April Moments

Maybe, just maybe, telling the story is just as important as the story itself

Swapping out annual resolutions for daily revisions

Over the past couple weeks, I’ve received a flurry of emails with the subject “New Year, New You!” or something similar. I wish I would’ve kept them all, so I could tell you exactly how many flooded my inbox.

But I didn’t keep them. Because the whole “New Year, New You” gimmick is junk. It’s a ploy. A campaign to convince us that we need to buy things – books, heart rate monitors, storage containers, organizational systems or do-hickeys or whatever organized people use. Just what we all need right after Christmas – more stuff, more tasks to complete.

Now, I hear all my goal-oriented, life-evaluating friends saying, “But April, change is good. It’s a great practice to examine your health, wealth, habits and work.”

Yes, I agree. I just find the huge push in January to be annoying. I’m not saying long-term goals are bad; my husband and I have some for our family and our finances. However, as a deadline-driven procrastinator, I prefer short-term goals. Much more attainable.

For example, every week night when I go to bed, I set my alarm for 4:30 a.m. and promise myself to get out of that very warm, cozy bed when that very loud, startling alarm sounds. When I do that, check one. Then, I tell myself to get ready and drive to the gym. When that’s complete, check two. Then, since I’m at the gym, I convince myself to get on that darn Spin bike and work out. For an hour. With a lady yelling things like, “Keep your cadence!” and “Challenge yourself!” As you can imagine, when the lady stops yelling and says, “Slow your pace and get off the bike,” I give myself a huge, figurative pat on the back.

I promise you – it is a mental battle EVERY SINGLE MORNING. But small achievements equal eventual progress. I can’t focus on the long-term mentality too much or I will crumble. And drown.

And why do the companies that send the aforementioned emails think I need be new? What is physically wrong with me as I am? Well, ahem, stupid companies that are trying to fool me with marketing scams, NOTHING. Nothing is wrong with me. It’s taken me 30-ish years to get to this point, so stop trying to convince me that I need to be new, just because it’s January.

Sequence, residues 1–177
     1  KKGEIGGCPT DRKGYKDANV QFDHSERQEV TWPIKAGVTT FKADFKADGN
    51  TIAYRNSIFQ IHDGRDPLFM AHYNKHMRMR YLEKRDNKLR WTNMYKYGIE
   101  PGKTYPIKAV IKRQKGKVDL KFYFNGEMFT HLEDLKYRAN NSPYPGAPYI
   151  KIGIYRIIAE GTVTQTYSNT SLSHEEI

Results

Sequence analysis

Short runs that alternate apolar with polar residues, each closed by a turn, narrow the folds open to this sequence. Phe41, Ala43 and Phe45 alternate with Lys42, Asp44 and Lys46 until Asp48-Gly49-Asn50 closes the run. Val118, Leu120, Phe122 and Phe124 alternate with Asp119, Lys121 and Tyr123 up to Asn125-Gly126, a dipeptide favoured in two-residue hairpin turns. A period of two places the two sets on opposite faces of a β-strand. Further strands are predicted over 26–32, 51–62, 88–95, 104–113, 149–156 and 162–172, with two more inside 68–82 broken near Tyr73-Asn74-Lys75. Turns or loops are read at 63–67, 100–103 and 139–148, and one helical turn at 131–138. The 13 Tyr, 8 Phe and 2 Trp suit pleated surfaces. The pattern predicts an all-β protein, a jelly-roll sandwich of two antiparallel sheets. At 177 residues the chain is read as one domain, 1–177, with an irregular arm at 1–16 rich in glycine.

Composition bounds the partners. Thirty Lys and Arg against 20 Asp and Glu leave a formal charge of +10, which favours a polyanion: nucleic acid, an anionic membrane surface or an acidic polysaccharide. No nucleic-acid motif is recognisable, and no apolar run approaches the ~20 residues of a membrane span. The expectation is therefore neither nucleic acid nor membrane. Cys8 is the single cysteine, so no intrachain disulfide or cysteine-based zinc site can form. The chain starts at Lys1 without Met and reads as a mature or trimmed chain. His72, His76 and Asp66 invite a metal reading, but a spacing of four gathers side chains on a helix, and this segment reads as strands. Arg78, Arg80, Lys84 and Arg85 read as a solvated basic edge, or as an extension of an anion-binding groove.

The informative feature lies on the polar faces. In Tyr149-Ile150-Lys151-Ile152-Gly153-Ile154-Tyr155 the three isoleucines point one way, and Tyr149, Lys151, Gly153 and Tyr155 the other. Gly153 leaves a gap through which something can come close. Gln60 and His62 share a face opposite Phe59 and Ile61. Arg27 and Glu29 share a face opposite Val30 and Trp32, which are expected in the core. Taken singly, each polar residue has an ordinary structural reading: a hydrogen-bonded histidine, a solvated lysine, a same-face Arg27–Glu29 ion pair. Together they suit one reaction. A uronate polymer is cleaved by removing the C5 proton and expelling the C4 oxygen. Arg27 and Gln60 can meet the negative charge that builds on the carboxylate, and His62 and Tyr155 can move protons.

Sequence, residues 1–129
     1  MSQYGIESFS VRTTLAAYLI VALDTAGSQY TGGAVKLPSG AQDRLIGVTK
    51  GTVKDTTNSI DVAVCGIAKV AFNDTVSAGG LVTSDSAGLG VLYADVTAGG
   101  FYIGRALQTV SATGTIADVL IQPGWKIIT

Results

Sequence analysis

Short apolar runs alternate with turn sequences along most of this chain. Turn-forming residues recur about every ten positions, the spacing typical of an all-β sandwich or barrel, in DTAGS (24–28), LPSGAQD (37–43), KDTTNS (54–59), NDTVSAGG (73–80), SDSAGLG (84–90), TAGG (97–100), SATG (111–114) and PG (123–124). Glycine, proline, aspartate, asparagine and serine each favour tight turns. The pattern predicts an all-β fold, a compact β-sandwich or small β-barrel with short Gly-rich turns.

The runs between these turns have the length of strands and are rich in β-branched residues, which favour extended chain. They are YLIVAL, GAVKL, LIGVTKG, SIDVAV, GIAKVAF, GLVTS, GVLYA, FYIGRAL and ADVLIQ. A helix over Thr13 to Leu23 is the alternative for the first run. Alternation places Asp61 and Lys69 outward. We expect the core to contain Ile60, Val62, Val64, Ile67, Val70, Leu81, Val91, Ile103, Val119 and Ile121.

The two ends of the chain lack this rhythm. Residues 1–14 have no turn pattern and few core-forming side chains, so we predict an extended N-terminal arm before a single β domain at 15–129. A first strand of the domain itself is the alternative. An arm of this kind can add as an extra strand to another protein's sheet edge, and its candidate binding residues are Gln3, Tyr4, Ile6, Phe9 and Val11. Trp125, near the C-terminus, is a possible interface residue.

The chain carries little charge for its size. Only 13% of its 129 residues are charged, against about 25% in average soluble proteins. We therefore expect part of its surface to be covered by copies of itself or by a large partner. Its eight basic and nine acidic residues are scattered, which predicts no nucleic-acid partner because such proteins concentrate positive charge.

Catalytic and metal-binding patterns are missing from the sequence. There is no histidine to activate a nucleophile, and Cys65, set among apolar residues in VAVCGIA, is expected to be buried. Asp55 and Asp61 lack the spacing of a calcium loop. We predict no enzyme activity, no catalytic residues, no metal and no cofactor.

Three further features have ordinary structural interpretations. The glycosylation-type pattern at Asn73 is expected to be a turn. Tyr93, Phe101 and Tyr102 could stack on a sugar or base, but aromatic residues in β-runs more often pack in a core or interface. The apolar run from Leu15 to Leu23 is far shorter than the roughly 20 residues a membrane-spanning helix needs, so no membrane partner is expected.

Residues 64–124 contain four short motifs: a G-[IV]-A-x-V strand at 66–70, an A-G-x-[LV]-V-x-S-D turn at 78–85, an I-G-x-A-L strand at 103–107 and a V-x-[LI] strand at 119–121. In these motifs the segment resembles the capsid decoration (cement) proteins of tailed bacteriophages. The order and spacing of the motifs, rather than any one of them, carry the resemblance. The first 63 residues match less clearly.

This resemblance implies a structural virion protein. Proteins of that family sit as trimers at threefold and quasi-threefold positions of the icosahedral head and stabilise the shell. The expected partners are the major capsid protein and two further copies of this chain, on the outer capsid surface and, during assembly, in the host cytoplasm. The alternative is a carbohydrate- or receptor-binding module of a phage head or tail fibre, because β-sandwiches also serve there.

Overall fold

Change is good. Change can be great, even. But if we are re-evaluating ourselves only in January, then we will probably never really make important changes.

I feel as though I am working to improve myself daily. I’m making revisions every day. It’s very much like writing in that way. Sometimes I write a blog or a story and when I get to the editing phase, I add some things to improve the piece. I also take away other things are that not working or are not contributing effectively to the message of the story.

Life is the same. Add a little and take away some. Do both.

And when I’m writing, there comes a point when I have to call a story finished. If I go back and keep editing, editing, editing, I will drive myself crazy.

Life is the same. Meet a goal. Make a new one. They can be small. Remember small steps will eventually get us to where we want to be.

And as a writer, inevitably, there are many, many stories that I begin and never finish. Or never post publicly. That is OK too.

Life is the same. Not every goal will be met. Let it go. Find one that works.

As I’m sure you’ve guessed by now, I did not make any New Year’s resolutions this year. Lucky for me, we’re about a third of the way through January now, so the “New Year, New You!” emails should be stopping.

Originally published on ovparent.com.

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